My life stays busy, and while I wish I could sit around the house and play with fiber all day, I can’t. I have a daughter, clients, a garden, I volunteer with a few ministries with my Lutheran church, I exercise, etc., You get the picture… I don’t have a lot of free time for crafts.
I enjoy making numerous crafts, many of which are fiber related (crochet, embroidery, knitting, and sewing). And while it’s true that I’m a process crafter (I enjoy the process more than the finished item) when it comes to giving away items, I’m very selective as to who receives my handmade items. After all, not everyone is worthy of a hand-crafted item. A handmade item isn’t the same thing as going to your local department store and giving someone a similar item.
About a week ago, I stumbled upon this yarn worthy diagram on Panopticon’s blog, I smiled, while reading through the yarn worthy chart. You see…I go through my own mental checklist before making something for someone I know. Before investing time into a project, the receiver has to be worth the investment. I do make an exception… I make a variety of items for charity organizations, like Lutheran World Relief and the Mother Bear Project. I rarely know the recipient of these charity item, but these organizations I support are definitely worthy of my handcrafted items.
I love receiving hand crafted items
My favorite gifts received happen to be hand crafted items. It’s obvious the items aren’t slapped together, those who’ve made items for me put a lot of thought/time goes into making the items I’ve received. Just like I do when making items for others. And while I don’t expect a handcrafted item, I’m always thrilled on the rare occasions that I do receive them. After all, they could have easily purchased an item for me, and I would have appreciated that too.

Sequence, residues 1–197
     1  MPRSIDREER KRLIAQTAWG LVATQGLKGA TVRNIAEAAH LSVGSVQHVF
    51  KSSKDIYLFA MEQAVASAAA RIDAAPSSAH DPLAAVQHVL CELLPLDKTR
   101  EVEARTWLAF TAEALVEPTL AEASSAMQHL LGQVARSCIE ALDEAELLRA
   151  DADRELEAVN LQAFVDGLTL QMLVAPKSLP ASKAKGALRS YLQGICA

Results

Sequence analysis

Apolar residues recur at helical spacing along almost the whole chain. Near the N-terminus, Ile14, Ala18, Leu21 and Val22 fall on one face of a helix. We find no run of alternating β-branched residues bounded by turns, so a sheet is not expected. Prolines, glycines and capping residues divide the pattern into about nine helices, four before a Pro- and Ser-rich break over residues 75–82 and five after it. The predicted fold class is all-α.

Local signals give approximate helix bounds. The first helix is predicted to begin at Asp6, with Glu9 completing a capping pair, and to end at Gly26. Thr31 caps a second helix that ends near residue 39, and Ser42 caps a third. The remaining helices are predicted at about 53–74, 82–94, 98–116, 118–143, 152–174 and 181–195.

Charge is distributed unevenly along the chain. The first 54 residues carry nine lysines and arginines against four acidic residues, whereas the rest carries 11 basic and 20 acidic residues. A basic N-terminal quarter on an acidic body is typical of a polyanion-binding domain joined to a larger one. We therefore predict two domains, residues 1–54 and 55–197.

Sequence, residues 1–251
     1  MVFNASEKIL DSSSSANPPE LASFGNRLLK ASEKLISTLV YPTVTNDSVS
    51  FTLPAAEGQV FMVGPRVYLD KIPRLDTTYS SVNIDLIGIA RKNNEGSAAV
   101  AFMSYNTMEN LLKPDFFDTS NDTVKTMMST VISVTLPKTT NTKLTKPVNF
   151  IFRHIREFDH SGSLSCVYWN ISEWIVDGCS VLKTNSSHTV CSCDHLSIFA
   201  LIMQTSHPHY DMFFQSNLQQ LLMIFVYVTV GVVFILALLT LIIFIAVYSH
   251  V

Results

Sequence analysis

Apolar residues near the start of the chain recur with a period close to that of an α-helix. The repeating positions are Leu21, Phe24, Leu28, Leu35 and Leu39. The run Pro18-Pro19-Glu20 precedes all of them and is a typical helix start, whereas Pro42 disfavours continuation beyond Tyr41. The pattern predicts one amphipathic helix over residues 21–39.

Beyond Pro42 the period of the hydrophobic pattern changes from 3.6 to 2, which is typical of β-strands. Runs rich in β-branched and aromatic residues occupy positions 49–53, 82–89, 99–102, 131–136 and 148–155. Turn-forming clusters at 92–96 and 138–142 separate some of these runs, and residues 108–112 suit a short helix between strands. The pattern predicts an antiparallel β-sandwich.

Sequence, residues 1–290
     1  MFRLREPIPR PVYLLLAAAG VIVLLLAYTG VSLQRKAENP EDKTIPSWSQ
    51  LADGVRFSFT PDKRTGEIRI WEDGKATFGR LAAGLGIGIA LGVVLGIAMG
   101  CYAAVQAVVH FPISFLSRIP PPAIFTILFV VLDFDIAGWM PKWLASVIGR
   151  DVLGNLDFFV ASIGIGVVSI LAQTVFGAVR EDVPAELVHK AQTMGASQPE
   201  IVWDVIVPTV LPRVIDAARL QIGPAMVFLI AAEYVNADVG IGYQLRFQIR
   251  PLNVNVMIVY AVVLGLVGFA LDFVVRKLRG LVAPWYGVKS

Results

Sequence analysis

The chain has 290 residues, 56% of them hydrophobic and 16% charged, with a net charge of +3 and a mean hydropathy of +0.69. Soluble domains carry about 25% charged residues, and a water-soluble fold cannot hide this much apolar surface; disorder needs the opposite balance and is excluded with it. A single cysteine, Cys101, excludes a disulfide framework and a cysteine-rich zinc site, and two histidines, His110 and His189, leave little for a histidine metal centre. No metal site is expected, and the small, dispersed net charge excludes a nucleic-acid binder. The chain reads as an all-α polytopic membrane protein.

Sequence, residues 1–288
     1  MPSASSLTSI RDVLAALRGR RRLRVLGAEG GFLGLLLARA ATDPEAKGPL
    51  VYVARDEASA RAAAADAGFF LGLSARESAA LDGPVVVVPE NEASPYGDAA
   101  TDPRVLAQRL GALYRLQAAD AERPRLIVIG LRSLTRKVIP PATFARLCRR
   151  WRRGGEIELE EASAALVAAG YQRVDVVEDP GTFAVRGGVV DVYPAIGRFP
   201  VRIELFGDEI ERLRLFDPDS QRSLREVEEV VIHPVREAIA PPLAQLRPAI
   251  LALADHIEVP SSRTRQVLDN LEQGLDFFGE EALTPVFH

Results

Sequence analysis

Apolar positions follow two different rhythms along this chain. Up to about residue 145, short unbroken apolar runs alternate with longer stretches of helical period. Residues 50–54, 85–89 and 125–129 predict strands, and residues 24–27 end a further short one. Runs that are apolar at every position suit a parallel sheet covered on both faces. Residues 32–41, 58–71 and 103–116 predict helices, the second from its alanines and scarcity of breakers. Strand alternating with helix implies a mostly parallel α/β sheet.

Several years ago, I received a beautifully detailed wood crafted case to store my essential oils. I was blown away by the detail, and asked the person who gave it to me how much time was spent on the item. I knew they were a carpenter/woodworker. Oh, at least a 100 hours was the response. Let’s say I was touched, that they thought enough of me to take the time to make something I still use today. I also have a hand-sewn quilt that took much longer, but that was handed down to me, since the original recipient had passed away — but I still treasure it. And like the cabinet, and the other handcrafted items I receive, I feel blessed that someone thought I was worthy of a handcrafted gift.